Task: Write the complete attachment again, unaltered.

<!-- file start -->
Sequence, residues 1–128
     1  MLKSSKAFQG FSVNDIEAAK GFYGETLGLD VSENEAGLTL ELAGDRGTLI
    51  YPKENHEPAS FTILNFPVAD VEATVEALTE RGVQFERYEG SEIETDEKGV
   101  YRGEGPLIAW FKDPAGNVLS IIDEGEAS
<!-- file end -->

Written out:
Sequence, residues 1–128
     1  MLKSSKAFQG FSVNDIEAAK GFYGETLGLD VSENEAGLTL ELAGDRGTLI
    51  YPKENHEPAS FTILNFPVAD VEATVEALTE RGVQFERYEG SEIETDEKGV
   101  YRGEGPLIAW FKDPAGNVLS IIDEGEAS